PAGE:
The Kuèrc square has always been the beating heart of the town and has been the seat of the most important civil and religious buildings in Bormio for centuries.
The Kuèrc (lid), as documented since 1387, was the place where justice was administered during the summer months. The Kuèrc was flanked by the pillory, a stone seat on which criminals were exposed to public mockery, including, above all, blasphemers.
The current building, still located in the center of the square today, is the result of continuous alterations and renovations that have taken place over the centuries as a result of fires and natural disasters.
As for the square itself, following excavations carried out in the last fifty years, the remains of houses, walkways and surrounding walls dating back to the early Iron Age (1000 BC) have been unearthed.
Over the course of its long history, the square has undergone an innumerable series of transformations and extensions that today can be partially reconstructed thanks to some important documents present in the rich municipal archive of Bormio.
From the “Liber stratatorum” of 1304 (a sort of master plan of the time) we know for example that in the Middle Ages the square was narrower and at a lower altitude than it is today. Following a catastrophic flow of mud and debris detached from Mount Reit, the same square was rebuilt on a higher level. Even today, in memory of those events, this district of Bormio is called “Dossorovina”.
An inventory drawn up in 1553 describes all the buildings overlooking the square in the sixteenth century fairly accurately. From this precious document it is clear that the most important building was the Palatium (current seat of the “Comunità Montana Alta Valtellina”). In addition to being the “Palazzo del Podestà” (authority house), the Palatium was also the seat of the court, the school, and the hall where the seated Council met (a small group of representatives of the people appointed to the ordinary administration of the county and to the exercise of criminal justice). In the Palatium there was also the Marza, an underground room without doors or windows intended for the confinement of the most dangerous offenders, a room which could only be accessed through a trap door.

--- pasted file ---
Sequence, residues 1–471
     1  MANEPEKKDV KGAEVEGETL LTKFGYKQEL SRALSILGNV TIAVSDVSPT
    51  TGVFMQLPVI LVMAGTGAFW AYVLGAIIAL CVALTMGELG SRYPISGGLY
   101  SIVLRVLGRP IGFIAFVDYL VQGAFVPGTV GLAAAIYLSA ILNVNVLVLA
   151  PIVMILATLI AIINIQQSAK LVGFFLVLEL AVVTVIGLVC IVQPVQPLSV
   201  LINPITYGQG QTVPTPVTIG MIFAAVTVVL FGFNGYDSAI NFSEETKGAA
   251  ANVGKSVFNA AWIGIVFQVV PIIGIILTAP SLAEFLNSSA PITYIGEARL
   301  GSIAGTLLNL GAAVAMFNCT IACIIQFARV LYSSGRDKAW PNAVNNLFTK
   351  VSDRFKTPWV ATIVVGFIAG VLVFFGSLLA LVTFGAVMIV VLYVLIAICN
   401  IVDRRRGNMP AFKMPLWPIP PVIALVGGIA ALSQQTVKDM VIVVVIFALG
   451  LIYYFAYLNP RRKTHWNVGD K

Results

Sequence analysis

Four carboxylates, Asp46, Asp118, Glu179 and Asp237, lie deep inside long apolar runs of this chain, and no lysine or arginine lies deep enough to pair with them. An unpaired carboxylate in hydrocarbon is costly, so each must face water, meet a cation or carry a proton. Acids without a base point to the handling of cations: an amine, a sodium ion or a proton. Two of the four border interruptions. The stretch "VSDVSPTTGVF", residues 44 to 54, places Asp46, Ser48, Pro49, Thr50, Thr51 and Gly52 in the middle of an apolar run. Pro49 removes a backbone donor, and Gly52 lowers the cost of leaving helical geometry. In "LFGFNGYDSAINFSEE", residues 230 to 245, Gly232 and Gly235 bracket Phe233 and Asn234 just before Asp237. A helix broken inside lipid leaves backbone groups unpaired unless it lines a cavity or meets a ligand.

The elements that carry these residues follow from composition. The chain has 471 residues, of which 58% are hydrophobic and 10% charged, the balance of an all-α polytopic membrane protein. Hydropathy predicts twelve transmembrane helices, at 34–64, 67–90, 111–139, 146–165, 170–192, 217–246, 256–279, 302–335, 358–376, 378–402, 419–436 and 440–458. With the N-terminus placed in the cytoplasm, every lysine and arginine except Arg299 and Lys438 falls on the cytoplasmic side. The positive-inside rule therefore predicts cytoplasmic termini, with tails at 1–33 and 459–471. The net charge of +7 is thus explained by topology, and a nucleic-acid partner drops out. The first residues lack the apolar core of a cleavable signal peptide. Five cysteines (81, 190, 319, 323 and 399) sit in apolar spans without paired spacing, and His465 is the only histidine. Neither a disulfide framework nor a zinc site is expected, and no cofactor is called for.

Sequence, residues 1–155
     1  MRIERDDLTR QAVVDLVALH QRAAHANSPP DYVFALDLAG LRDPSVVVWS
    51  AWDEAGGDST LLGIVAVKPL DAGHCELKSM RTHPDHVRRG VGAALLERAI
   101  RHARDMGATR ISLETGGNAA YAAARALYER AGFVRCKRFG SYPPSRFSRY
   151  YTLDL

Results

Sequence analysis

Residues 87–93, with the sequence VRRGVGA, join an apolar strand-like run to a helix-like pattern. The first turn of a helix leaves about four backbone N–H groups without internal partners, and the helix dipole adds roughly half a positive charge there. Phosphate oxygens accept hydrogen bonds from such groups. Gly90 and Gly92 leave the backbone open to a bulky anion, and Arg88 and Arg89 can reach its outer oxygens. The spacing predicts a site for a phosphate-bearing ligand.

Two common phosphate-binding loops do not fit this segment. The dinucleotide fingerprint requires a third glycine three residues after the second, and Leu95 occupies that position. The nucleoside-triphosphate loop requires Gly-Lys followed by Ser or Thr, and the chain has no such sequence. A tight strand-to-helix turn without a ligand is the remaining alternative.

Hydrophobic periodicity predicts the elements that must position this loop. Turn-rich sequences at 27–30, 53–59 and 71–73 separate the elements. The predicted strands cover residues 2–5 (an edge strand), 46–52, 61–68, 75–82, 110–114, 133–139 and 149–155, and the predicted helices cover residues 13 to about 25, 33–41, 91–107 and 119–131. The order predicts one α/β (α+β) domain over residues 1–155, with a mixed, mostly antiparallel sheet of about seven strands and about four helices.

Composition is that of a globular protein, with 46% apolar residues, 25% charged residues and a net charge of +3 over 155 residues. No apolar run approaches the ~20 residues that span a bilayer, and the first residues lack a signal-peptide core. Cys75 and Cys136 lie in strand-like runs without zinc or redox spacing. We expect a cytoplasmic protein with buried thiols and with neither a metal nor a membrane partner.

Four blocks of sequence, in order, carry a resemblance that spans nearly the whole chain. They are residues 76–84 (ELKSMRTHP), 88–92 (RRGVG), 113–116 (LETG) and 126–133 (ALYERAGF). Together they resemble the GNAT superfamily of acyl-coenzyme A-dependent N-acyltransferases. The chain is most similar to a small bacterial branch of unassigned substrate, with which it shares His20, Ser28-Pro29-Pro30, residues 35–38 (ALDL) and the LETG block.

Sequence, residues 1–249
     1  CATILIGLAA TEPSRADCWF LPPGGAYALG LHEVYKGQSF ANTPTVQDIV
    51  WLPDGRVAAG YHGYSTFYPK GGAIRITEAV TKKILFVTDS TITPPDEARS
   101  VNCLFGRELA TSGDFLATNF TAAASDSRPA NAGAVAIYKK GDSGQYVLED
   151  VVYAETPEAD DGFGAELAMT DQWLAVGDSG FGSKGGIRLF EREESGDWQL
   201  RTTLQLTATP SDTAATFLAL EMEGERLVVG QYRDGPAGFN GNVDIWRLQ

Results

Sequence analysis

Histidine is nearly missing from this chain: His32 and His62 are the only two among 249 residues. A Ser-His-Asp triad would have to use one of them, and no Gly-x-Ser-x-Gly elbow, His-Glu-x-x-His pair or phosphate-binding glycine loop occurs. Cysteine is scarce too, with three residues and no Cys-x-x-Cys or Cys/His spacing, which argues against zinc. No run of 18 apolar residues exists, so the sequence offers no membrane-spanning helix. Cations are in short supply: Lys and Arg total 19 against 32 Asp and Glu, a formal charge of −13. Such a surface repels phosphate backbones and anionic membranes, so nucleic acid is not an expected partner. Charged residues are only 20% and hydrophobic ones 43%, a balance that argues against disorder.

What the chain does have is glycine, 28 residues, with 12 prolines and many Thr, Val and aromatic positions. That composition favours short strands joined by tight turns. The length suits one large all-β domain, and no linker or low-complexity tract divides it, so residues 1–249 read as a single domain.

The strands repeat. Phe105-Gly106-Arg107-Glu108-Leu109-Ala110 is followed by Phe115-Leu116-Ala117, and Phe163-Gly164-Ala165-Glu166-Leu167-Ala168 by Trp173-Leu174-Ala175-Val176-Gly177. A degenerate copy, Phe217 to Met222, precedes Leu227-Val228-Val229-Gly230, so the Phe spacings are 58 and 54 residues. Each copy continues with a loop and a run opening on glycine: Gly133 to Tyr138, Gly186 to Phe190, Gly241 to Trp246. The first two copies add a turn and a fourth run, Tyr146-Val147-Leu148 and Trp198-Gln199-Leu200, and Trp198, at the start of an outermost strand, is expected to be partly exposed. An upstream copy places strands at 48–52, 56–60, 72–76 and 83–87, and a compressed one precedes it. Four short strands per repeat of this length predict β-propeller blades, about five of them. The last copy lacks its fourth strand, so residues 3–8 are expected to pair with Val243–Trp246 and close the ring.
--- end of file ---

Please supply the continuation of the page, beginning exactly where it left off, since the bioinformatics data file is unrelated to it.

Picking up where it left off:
Opposite the Palatium there was the Cortivo where the People’s Council met to decide on matters of greater public importance. The People’s Council was also responsible for exercising legislative power.
Another undisputed symbol of the main square of Bormio is the collegiate church of Saints Gervasio and Protasio. The town’s main church building was rebuilt, along with many buildings in the village, which were destroyed following the terrible fire of 1621 set by the Spaniards.
On the other hand, the imposing Tower of the Hours, whose construction began in 1498, watches over the square. The tower was equipped with two bells that rang to warn the population in case of impending dangers (the Bajona) or to convene meetings of the magistrates (the Campana de consilio).
Other important buildings and other stories deserve to be told but it would be impossible for us to sum up a thousand years of intense and sometimes complicated history in a just a few lines.
Now we can only suggest visiting the square and looking up at the valuable works that make this place the symbol of a unique village in the rich history, art and culture of the entire Alps.
Enjoy discovering Bormio and its hidden pearls!
Stefano and all the staff of Albergo Adele
In Kuèrc square and its surroundings there are numerous frescoes from the Renaissance period.
Of particular historical value are also the frescoed coats of arms of the Three Leagues alliance and of the Sforza.
Geographic coordinates of the location: 46°28’03.89” N 10°22’38.68’’ E – UTM 32T 605753 5146941
Excursion near the location: Passeggiata del benessere, dell’arte e della cultura.
Sources: CMAV information signs
Proofreading: Dott. Eugenio Rossetti and Paul Faller